Politically, the focal success of Priština University was the 1981 Uprising of ethnic Albanians in the province against the Federal and republican authorities. The uprising was directly inspired and organized by the students of Priština University who were fed by the Albanian nationalism and anti-Yugoslav propaganda for a decade although the situation for the Albanians in the province rapidly improved with the 1974 Yugoslav Constitution according to which, Kosovo-Metochia (officially, the Socialist Autonomous Province of Kosovo)[xviii] was, in fact, independent from Serbia and much more in practice linked with Albania than with Yugoslavia.

After 1974, a Serb-speaking minority in the province suffered substantial discrimination, terror, injustice, and expulsion.[xix] The highest level of possible national-political autonomy produced political repression by the Albanian majority whose aim was to as deeper as clean the province from the Serbs and the Montenegrins for the sake to create ethnically pure (Albanian) Kosovo-Metochia. Although the social and economic conditions of the population became improved, the development gap with other regions and republics of Yugoslavia widened due to the asymmetric economy structure of the country in which Slovenia and Croatia had a privileged position of exploitation of the rest of Yugoslavia. Therefore, a movement of local Albanians for greater autonomy (republic) in provincial affairs increased after the death of Tito.[xx]  

It is true that the southern province of Serbia was the poorest region in ex-Yugoslavia although it possessed extremely rich mineral resources which, by the way, were mainly located in North Kosovo-Metochia populated by the Serbs but not the Albanians. It is also true that these mineral deposits and other raw materials were processed and refined elsewhere in Yugoslavia, mainly in Croatia and Slovenia, and, as such, the province and Serbia as republic received few returns on its natural wealth (today, natural wealth in Kosovo-Metochia is in the American hands).

However, the chief reason for the low living standard in the province was the extremely high (highest in Europe) natural birth-rate of ethnic (Muslim) Albanians and their self-wish not to work but rather to live on state’s subsidies. The province was getting regular financial help by the Federal Government in order to improve its economic situation following the fact that all economic and especially industrial infrastructure in Kosovo-Metochia was built up by Serbia and partially by the Federal authorities of Yugoslavia. At the same time, a huge number of Kosovo-Metochia’s Albanians worked in the Western countries as guest workers (Gastarbeiter) and in Slovenia too. Finally, economic situation and living standard of Kosovo-Metochia’s Albanians were notably better and higher in comparison with the Albanian motherland Albania where from Albania’s citizens regularly have been emigrating to the neighboring Yugoslav Kosovo-Metochia and the Yugoslav West Macedonia after WWII (around 300.000 of them arrived just in Kosovo-Metochia) but never vice versa.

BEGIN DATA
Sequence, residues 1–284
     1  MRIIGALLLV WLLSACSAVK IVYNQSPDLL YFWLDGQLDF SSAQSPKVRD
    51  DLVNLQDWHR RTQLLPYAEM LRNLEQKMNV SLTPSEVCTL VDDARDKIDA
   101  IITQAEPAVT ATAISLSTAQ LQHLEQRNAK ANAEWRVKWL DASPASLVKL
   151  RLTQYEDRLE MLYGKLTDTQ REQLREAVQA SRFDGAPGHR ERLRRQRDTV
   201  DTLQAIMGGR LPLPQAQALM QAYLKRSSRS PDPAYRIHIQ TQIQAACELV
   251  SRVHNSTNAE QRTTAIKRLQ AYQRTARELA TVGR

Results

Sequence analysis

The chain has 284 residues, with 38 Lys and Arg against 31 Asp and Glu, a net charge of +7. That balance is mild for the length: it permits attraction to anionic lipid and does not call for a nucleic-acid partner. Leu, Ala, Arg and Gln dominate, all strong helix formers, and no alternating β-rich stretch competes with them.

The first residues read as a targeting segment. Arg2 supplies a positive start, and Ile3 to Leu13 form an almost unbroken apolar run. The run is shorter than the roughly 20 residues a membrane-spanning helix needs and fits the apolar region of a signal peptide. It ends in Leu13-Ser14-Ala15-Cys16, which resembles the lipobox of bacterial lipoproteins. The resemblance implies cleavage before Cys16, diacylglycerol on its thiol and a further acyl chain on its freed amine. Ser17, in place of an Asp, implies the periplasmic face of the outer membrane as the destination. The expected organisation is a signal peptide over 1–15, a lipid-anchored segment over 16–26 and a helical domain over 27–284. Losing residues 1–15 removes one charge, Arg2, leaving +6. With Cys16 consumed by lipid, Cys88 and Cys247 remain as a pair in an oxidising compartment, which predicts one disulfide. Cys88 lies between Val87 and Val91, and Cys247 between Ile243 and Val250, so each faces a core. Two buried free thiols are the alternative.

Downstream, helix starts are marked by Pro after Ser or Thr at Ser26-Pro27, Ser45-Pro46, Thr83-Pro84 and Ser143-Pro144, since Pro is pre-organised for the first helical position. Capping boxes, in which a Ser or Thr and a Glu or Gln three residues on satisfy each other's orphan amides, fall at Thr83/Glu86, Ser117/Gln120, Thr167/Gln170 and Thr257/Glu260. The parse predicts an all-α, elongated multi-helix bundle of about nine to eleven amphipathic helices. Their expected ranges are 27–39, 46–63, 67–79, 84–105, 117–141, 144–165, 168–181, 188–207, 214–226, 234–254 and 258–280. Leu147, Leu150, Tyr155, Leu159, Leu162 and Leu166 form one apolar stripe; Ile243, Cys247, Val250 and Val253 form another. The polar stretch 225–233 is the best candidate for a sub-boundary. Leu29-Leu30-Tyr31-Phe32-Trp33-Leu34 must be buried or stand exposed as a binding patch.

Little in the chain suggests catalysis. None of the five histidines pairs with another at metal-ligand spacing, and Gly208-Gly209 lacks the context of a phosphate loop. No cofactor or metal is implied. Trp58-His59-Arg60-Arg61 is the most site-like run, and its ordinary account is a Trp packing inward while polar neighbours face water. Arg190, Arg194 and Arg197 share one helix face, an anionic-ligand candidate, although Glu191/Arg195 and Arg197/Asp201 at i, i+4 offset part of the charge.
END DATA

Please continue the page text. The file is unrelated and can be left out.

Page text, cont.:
On March 11th, 1981, the students of Priština University rose in protest, formally, against their miserable living conditions but very soon the protest was transformed into pure political demonstrations with secessionist features. By April 1st, demonstrators were calling openly for the republican status of Kosovo Province or, in other words, for the creation of the seventh Federal unit within post-Tito’s Yugoslavia. On this day (April 1st) occurred battles between police and demonstrators in the streets of Priština.

To be clear, the republican status was never given to Kosovo’s Albanians in Titoslavia for three fundamental reasons:

  • A real fear of the Serbs and Serbia’s Communists of Kosovo’s secession and later its union with Albania.[xxi]
  • In this case, the Albanians as a nation would be extra privileged in relations to all other Yugoslav nations for the reason that they would have two national states (Albania and Kosovo).
  • Personally, Josip Broz Tito wanted to punish Albania’s Communist authorities for their support of Stalin in his dispute with Tito in 1948.